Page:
— The Works of Robert Louis Stevenson - Swanston Edition Vol. 23 (of 25) • Robert Louis Stevenson

... desired to make a stay more or less long in every town en route. If, on the way, she noticed a convent of any importance, she at once asked to be taken thither, and, in default of other pastime or pretext, she requested them to say complines with full ...
— The Memoirs of Madame de Montespan, Complete • Madame La Marquise De Montespan

... experience a good effect from this day's battle and destruction. The story will be remembered in the black man's traditions, and will have its due weight in many a palaver. Nevertheless, though the burning of villages be a very pretty pastime, yet it leaves us in a moralizing mood, as most pleasures are apt to do; and one would fain hope that civilized man, in his controversies with the barbarian, will at length cease to descend to the barbarian level, and may adopt some other method of proving his superiority, than by his greater ...
— Journal of an African Cruiser • Horatio Bridge

... which was epidemic among the politicians of that age appeared in its most malignant type, but variously modified by greet diversities of temper and understanding. Buckingham was a sated man of pleasure, who had turned to ambition as to a pastime. As he had tried to amuse himself with architecture and music, with writing farces and with seeking for the philosopher's stone, so he now tried to amuse himself with a secret negotiation and a Dutch war. He had already, rather from ...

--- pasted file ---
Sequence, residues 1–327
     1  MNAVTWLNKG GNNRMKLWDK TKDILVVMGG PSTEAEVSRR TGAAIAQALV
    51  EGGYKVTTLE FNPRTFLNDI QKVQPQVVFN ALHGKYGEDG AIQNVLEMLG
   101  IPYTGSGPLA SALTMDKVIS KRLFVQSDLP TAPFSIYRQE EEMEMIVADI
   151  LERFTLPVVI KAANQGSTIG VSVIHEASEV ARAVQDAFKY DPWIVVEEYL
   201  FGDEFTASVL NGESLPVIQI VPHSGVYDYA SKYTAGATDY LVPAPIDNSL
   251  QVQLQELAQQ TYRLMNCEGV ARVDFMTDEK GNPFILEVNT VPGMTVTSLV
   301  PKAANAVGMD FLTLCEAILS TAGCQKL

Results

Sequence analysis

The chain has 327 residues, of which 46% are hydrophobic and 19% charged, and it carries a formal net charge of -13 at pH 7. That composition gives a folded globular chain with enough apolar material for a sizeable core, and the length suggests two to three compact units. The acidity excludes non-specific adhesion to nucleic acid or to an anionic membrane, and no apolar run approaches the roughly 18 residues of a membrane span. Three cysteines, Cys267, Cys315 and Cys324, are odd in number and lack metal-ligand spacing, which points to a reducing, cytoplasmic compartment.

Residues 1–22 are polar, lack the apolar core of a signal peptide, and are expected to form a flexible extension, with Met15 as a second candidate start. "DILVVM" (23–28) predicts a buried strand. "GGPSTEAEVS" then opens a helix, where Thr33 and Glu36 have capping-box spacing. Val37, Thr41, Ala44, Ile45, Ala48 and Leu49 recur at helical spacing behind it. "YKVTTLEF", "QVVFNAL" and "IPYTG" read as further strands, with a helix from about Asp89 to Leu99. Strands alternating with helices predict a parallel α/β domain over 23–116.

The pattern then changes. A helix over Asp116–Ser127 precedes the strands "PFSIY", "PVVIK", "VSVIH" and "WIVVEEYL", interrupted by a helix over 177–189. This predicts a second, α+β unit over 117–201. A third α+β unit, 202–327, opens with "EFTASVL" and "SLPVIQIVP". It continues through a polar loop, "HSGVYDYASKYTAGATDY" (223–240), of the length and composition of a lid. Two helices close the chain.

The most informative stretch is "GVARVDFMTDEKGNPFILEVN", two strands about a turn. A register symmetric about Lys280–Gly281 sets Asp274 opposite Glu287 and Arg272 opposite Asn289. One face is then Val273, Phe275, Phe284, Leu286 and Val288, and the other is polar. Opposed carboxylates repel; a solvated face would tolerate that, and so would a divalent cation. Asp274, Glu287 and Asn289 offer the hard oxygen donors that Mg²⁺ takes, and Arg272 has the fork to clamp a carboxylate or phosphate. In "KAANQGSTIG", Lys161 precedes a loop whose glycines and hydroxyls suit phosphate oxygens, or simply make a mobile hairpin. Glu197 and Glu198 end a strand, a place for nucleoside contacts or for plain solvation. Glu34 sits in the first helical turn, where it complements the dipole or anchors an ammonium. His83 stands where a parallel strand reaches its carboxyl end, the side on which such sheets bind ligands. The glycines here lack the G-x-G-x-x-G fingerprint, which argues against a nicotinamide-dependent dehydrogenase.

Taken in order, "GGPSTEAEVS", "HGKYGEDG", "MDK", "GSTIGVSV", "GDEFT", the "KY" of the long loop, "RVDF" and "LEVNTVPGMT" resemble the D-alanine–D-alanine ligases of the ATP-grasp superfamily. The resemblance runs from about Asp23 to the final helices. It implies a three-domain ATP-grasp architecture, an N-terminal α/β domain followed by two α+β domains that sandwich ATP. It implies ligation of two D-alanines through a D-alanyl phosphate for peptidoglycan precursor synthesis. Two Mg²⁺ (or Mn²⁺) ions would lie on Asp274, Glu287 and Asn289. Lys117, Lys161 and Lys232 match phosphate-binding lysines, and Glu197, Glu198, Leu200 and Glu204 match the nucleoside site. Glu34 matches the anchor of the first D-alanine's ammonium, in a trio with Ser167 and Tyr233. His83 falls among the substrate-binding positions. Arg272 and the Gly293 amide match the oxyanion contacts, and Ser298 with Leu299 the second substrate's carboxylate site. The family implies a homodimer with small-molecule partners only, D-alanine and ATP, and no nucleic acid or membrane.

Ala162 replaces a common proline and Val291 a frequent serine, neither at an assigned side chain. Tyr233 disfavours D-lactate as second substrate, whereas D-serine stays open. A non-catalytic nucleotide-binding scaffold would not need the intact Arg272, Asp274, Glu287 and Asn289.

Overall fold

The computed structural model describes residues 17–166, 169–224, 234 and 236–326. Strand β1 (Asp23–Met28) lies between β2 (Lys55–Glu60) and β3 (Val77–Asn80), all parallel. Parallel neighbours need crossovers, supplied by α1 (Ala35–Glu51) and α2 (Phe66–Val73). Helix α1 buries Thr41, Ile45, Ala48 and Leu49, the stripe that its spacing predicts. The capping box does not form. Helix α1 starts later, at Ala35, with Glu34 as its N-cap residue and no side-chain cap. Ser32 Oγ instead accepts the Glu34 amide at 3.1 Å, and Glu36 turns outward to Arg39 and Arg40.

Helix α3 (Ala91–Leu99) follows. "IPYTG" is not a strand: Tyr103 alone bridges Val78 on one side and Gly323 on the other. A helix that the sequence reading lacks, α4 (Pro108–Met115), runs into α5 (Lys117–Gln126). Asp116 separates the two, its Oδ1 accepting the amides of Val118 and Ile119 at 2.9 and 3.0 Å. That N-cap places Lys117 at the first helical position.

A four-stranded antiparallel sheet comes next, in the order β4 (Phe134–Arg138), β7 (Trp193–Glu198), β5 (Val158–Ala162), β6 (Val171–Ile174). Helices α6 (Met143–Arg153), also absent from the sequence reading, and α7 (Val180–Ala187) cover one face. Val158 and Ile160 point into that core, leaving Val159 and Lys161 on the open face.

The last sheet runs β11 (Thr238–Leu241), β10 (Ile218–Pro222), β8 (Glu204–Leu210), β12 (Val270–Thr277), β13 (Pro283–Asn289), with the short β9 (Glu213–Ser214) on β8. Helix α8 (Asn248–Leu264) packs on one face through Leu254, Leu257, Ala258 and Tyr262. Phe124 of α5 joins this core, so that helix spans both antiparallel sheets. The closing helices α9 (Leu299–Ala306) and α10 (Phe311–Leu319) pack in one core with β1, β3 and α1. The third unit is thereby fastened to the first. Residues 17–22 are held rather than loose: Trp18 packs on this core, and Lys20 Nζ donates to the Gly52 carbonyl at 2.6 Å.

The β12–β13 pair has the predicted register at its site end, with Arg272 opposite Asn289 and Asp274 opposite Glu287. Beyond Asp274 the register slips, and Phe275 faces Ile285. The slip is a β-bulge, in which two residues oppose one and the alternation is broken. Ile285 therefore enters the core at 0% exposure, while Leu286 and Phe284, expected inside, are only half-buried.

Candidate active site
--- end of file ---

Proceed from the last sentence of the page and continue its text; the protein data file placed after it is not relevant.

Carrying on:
— The History of England from the Accession of James II. - Volume 1 (of 5) • Thomas Babington Macaulay

... young, dissipated courtiers, loitering by the gateway of a house which was open for the favourite pastime of the day,—the resort of the wealthier and more high-born gamesters,—made way for him, as with a courteous inclination he ...
— Zanoni • Edward Bulwer Lytton